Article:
Workers gone, we took a couple days off. Slackers? Maybe.
The weather got into single digits again, so for the last few days we did a bit of escapism and a bit of hunkering down, both.
We did spend a couple hours mocking up one section of retaining wall before the weather arrived., to try out our method so we'd be ready to roll when we were ready to work outdoors again. We're planning to build the wall in place before pouring the post-hole concrete. We had different ideas about it and wrangled the materials around a bit (it is an awkward job, at best). In the end, we think we came up with a method that will work pretty smoothly, and that we both agree on!
When the blustery, snowy weather shut us down as expected, we took the opportunity to go into town to bathe... we like to say how we got set up perfectly for showers at camp, but it still takes a good deal of motivation to get the fires burning, haul water, heat water, and reconfigure for showering, especially when the best time window is when the weather is too cold or blustery for construction -- not super conducive for showering. You really don't want to know how infrequently we bathe, or how long we can wear a particular shirt... living in a pop-up depending on water haul has shifted our habits considerably!
In town we also took a day for Christmas shopping and even did a load of laundry. We got a thermostat for the pop-up that goes down to 35 so that we could leave the heat on when we go out of town -- so now half of the pop-up is dedicated to unfreezables. When we got back from our 24 hours away, some things had frozen, so we probably have to set it at 40 next time!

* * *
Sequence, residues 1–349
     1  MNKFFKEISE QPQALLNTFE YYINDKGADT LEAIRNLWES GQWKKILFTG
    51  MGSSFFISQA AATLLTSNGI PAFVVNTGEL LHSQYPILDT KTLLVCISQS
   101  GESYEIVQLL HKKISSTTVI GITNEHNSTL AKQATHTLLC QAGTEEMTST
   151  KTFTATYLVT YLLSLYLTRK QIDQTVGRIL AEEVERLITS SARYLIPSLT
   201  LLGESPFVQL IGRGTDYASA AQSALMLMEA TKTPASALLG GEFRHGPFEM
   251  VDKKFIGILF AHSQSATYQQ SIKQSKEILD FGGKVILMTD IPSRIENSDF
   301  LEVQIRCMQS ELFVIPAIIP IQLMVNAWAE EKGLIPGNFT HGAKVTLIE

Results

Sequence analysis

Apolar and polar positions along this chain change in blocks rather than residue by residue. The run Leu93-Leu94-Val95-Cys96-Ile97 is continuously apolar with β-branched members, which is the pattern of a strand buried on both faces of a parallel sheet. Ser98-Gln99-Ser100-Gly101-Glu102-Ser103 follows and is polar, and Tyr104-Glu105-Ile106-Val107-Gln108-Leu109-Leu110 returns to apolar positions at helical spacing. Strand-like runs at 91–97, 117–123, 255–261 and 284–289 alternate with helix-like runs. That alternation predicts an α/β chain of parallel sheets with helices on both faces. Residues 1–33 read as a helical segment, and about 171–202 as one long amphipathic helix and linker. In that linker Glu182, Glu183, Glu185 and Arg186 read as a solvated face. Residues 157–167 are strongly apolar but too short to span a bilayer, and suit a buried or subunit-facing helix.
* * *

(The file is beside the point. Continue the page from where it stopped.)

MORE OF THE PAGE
Then yesterday, back at camp, I spent a day packing boxes and Chip spent a day doing dishes. It was still cold, but Chip got a hot fire going in the white tent, and setup an organized multi-stage dishwashing station. I worked in the pop-up. We were amazed that he could spend an entire day working through our huge pile of dirty dishes, and that I could spend an entire day packing boxes!
Today we headed into town to mail boxes and pick up some lumber we realized we needed for our retaining wall -- the panels are very cumbersome, and they also leave a gap between the posts and the metal siding. We decided to add short vertical pieces of 2x4 behind the posts and in front of the metal, to aid in building and to add rigidity to the wall.
While in town we also dropped off our recycling, picked up some groceries, and visited a couple of breweries and coffeeshops. We have always encountered friendly and encouraging folks in Grants whenever we mention our goals. -- like the very supportive farmers at the market last summer. Today we met Jonathan from Mt. Taylor Coffee Company who was super -- he's a gardener himself, and uses coffee grounds in his compost, but the shop produces way more than he can keep up with. He happily offered us three day's worth of grounds to add to our hard-pan planting beds, and encouraged us to stop in again to pick up more. Not only that, he directed us to the county extension office, where his dad is the master gardener! It also turns out his wife runs the farmer's market. The beauty of small towns!
We did head over to the county extension office, where Chase spent a generous amount of time talking with us about our land and the greenhouse. We all know that our land will need copious amounts of organic matter. Chase agreed with us that it makes most sense to add organic matter and work that into the soil before investing in soil tests. We plan to add coffee grounds, horse manure (from our land and maybe from a friend's corral), and our meager amount of our own compost (we only have 10 gallons of bokashi-fermented food waste since July). We might also supplement with some arroyo-bottom silt, which we learned is what the garden center sells as topsoil. We'll take that from the clogged culverts so it will serve to improve the road.